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Fishing fun: A gift from the outdoors

September 17, 2011
By GARRY BRANDENBURG , Times-Republican

TROUT had better head for the hide when these ladies pull out their fly rods or open face spinning gear. For Jo Otta, who has lived on a farm since 1951, fishing or hunting has been just one of the things held in high priority. So it was natural to teach the appreciation for natural resources to a new generation.

The mother/daughter team do not fish side-by-side. Instead, they keep discrete distances from each other as they send a dry fly upstream and let it drift down over the rocks and eddies. The other tackle they use are open faced spinning rigs with 4 pound test line baited with a small piece of night crawler on a number 8 or 10 hook. Jo's favorite streams are North Bear, Waterloo and Buck. Kathy prefers Paint and North Bear.

As today's photo can attest, trout must find the baits worth going after. A nice supper of fried trout will make this mother/daughter combo sleep well indeed.

Article Photos

CONTRIBUTED PHOTO
Look out trout when this mother/daughter duo set their goal to test the waters of northeast Iowa streams. At left is Jo Otta, 89, and her daughter Kathy Knickerbocker. They have had 30 consecutive years of fishing together in all the trout streams of Iowa. Jo Otta instilled a love for fishing and nature for Kathy at an early age. The benefits of time spent outdoors has paid off well in this friendly family competition. Jo is the aunt of Caralee Hutchens, of Marshalltown.

For an 89-year-old lady of the land, Jo has also hunted deer, elk and antelope in Wyoming.In Iowa she has taken rabbits and squirrels. What the land has given back to her and all her apprentices over time worth much more in a memory book full of great times spent outdoors. Trout can do that. That's nice.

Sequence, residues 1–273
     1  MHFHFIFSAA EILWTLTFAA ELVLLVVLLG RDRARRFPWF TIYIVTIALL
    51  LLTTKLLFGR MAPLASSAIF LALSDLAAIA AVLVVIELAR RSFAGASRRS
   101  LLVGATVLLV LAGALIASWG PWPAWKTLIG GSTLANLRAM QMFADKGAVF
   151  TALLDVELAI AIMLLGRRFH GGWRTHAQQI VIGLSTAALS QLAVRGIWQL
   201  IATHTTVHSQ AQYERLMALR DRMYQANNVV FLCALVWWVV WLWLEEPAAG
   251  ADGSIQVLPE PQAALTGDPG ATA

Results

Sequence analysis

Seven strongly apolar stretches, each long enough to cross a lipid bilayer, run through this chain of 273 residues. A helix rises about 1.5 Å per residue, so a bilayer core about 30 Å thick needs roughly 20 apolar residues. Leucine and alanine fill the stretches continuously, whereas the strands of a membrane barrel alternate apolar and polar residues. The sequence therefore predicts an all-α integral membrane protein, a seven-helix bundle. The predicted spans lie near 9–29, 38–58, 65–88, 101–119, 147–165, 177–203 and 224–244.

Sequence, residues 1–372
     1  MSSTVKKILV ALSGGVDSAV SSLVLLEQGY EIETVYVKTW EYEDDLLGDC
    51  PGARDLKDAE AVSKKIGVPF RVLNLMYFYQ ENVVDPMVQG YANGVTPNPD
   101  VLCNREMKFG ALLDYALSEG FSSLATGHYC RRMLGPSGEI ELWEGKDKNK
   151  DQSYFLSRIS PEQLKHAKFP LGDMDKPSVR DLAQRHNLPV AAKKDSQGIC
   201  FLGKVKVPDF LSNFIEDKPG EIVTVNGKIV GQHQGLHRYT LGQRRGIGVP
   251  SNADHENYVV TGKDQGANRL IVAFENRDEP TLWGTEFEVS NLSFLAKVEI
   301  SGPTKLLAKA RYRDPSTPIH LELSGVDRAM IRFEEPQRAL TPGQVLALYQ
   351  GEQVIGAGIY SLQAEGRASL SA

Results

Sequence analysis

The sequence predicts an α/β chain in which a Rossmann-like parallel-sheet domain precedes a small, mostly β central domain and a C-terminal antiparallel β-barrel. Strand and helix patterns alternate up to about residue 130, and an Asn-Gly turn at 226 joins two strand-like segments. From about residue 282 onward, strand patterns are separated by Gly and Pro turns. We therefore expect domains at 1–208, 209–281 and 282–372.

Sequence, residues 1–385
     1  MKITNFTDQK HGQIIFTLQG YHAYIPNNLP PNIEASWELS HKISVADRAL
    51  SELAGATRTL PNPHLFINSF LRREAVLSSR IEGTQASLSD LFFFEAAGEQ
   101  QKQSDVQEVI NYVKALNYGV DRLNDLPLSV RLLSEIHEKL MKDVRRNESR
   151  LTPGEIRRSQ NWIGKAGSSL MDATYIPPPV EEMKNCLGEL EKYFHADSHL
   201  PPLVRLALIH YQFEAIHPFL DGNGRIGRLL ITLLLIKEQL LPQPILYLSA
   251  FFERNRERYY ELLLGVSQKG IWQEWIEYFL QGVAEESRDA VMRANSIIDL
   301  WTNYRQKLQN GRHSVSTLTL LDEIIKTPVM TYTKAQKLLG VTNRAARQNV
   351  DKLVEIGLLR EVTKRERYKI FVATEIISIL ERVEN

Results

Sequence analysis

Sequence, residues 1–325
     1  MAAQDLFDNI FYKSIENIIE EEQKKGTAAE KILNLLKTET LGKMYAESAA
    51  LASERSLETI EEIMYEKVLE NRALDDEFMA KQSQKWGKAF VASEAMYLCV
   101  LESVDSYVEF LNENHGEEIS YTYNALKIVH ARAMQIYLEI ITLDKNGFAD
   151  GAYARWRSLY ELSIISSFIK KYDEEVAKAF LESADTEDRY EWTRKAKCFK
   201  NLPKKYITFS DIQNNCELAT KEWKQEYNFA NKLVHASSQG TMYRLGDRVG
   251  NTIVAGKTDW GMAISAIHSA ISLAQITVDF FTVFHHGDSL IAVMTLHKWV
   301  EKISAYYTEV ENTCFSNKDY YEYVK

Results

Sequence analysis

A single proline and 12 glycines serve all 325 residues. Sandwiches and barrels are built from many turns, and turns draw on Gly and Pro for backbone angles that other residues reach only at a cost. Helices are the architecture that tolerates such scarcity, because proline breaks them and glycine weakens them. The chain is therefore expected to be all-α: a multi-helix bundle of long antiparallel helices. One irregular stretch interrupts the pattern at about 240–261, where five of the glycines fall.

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Other local fishermen did their thing by traveling to the 2011 "Iowa Connections" Walley Derby July 22 through the 24 at Kettle Falls Lodge, Halley's Camp in Ontario, Canada. All the arrangements are made by Denny Baker of St. Anthony. During this annual event, the fun of fishing and friendly competition is part of the experience. The first place team this year turned out to be Larry McKibben, Luke McKibben, Marvin Ozinga, Gary Harrington, Craig Torgeson and C.T. Haesemeyer. If any of the readers of this column are interested in learning more about the Iowa Connections Walleye Derby, do call Denny Baker or email him at dbaker@netins.net. Hint: Plan ahead for this excellent opportunity to enjoy good people and great fishing.

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Here are some quotes on fishing worth contemplating. First, "The only thing better than fishing with new friends is fishing with old friends." Second, "Done properly, angling is not so much a sport as a way of life." Third, "If fishing were just a sport, there would not be more books written about it than any other sport." And lastly today, " I am a great admirer of spectator sports, especially on television: It keeps the riffraff off the trout streams."

These statements from life's lessons learned while fishing are from Paul Quinnett, author of the book Fishing Lessons - Insights, Fun and Philosophy from a Passionate Angler. His stories are true, easy to read and full of wit and wisdom. Every fisherperson should have this book in their personal library.